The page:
As most individual investors now understand, oil and gas securities, including common stock, bonds and master limited partnerships (MLPs), can be extremely volatile, high-risk and lead to substantial losses. Over the last few years, certain financial advisors and stockbrokers, and the financial institutions for whom they worked, fell in love with oil and gas securities, particularly for their high-yield dividends in an otherwise low-to-no yield market environment. As a result of this reckless infatuation by some trusted financial advisors, throes of conservative individual investors, many retired and elderly, sustained major financial losses in their nest-egg portfolios when the oil and gas markets nosedived. Given their advanced age and life-stage, this class of elderly, conservative investors simply does not have the ability to replace these losses. The effect has been devastating — ruined retirements, a down-size in quality of life, and a theft of a sense of financial security that took decades of hard work to achieve. Unfortunately, I am seeing this far too often these days.
The truth is that this should never have occurred in the first place. Had financial advisors, and the securities brokerage firms obligated to supervise them, ensured that such conservative investors were never over-exposed to, or over-concentrated in, such unsuitable and inappropriate oil and gas investments, these life-changing losses would not have been realized.
To make matters worse, I have seen financial advisors recommend leveraged oil and gas exchange traded funds (or ETFs) to conservative individual investors. An exchange traded fund, or ETF, is a pool of assets, primarily stocks, bonds or commodities, which trades on a stock exchange for close to its net asset value over the course of the trading day. Most ETFs attempt to track the performance of a particular index. In comparison, leveraged ETFs aim to magnify the performance of the indexes they track for a single day, and may include derivatives, such as index swaps and equity options allowing increased exposure to the targeted index. By way of example, the Direxion Daily S&P Oil & Gas Exp. & Prod. Bull and Bear 3x Shares seeks daily investment results, before fees and expenses, of 300% or 300% of the inverse (or opposite) of the performance of the S&P Oil & Gas Exploration & Production Select Industry Index.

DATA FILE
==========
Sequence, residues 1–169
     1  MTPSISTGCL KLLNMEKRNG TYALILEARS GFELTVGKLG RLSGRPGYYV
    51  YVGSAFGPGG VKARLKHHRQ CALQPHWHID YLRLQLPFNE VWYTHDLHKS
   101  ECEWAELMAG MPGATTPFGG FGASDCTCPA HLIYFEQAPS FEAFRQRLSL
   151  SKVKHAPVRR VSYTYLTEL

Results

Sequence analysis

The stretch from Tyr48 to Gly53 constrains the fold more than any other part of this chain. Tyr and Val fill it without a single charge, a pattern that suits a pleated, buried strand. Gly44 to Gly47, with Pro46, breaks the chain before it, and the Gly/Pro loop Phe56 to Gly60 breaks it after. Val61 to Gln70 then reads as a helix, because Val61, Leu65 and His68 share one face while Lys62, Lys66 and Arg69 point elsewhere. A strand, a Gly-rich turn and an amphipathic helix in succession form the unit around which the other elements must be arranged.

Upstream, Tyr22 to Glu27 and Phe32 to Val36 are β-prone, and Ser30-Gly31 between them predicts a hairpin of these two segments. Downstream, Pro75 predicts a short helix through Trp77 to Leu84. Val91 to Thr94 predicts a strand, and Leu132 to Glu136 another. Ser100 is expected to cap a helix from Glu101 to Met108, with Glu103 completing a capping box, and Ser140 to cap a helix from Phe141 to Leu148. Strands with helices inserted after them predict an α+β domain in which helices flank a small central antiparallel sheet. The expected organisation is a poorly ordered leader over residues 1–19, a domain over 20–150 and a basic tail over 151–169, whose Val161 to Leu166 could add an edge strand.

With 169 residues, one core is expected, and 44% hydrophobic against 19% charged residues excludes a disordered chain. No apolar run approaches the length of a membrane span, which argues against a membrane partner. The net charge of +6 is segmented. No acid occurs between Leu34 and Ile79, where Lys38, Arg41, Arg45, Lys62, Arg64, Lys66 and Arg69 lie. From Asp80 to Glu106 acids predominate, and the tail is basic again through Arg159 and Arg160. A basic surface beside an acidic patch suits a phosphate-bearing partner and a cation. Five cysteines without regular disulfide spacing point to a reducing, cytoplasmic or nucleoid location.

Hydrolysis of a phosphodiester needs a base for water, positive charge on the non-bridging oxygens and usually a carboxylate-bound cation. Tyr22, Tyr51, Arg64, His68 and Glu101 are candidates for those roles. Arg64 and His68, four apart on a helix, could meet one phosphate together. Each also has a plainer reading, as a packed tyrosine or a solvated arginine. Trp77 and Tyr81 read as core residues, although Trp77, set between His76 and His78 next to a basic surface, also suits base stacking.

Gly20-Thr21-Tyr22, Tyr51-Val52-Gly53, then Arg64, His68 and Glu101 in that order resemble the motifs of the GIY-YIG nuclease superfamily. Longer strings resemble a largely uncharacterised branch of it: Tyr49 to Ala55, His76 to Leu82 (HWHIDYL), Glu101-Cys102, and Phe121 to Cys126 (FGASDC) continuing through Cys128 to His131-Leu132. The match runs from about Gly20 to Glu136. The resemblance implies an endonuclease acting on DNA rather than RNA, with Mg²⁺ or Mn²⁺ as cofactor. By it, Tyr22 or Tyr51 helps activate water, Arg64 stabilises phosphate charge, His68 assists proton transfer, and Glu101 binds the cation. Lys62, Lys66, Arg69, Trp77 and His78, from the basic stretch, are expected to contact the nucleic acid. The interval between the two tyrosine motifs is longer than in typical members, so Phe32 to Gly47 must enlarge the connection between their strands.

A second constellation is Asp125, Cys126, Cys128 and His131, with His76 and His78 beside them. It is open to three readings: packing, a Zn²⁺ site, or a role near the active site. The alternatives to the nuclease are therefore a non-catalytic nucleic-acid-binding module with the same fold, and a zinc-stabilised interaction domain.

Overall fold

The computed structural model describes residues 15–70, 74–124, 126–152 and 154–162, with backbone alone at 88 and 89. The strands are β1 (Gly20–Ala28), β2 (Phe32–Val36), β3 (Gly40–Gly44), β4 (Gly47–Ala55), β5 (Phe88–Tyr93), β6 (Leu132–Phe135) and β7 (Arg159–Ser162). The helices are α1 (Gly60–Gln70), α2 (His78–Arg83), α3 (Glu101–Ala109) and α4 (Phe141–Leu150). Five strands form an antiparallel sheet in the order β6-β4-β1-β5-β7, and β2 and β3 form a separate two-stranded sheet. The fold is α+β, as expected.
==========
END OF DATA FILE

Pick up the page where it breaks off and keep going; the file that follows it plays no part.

While leveraged ETFs have their place in certain portfolios, they are typically highly unsuitable when held long-term in an individual investor’s account, particularly when that investor does not wish to speculate with his hard-earned investment money. Given their leverage and composition, ETFs can wreak havoc on a portfolio if unsuitably recommended by a broker and improperly supervised by his employing firm.
Notably, the Financial Industry Regulatory Authority (FINRA), the front-line securities regulator of brokerage firms and stockbrokers, has made crystal clear its view on leveraged ETFs: “these products may be useful in some sophisticated trading strategies, [but] … typically are unsuitable for retail investors who plan to hold them for longer than one trading session, particularly in volatile markets.” FINRA Regulatory Notice 09-31. FINRA has also brought enforcement actions against and fined securities firms for their inappropriate sales of leveraged ETFs.
If you are a conservative investor and have suffered significant losses in leveraged oil and gas ETFs recommended by your financial advisor, you may have a case to recover your investment losses.
David Chase is a securities attorney and a former SEC enforcement lawyer who is the principal of the Law Firm of David Chase, located in Fort Lauderdale, Florida. Mr. Chase represents stock market investors nationwide in cases to recover their investment losses due to stockbroker fraud and financial advisor negligence. The law firm’s website is: davidchaselaw.com. Mr. Chase can be reached toll-free at: 800-760-0912.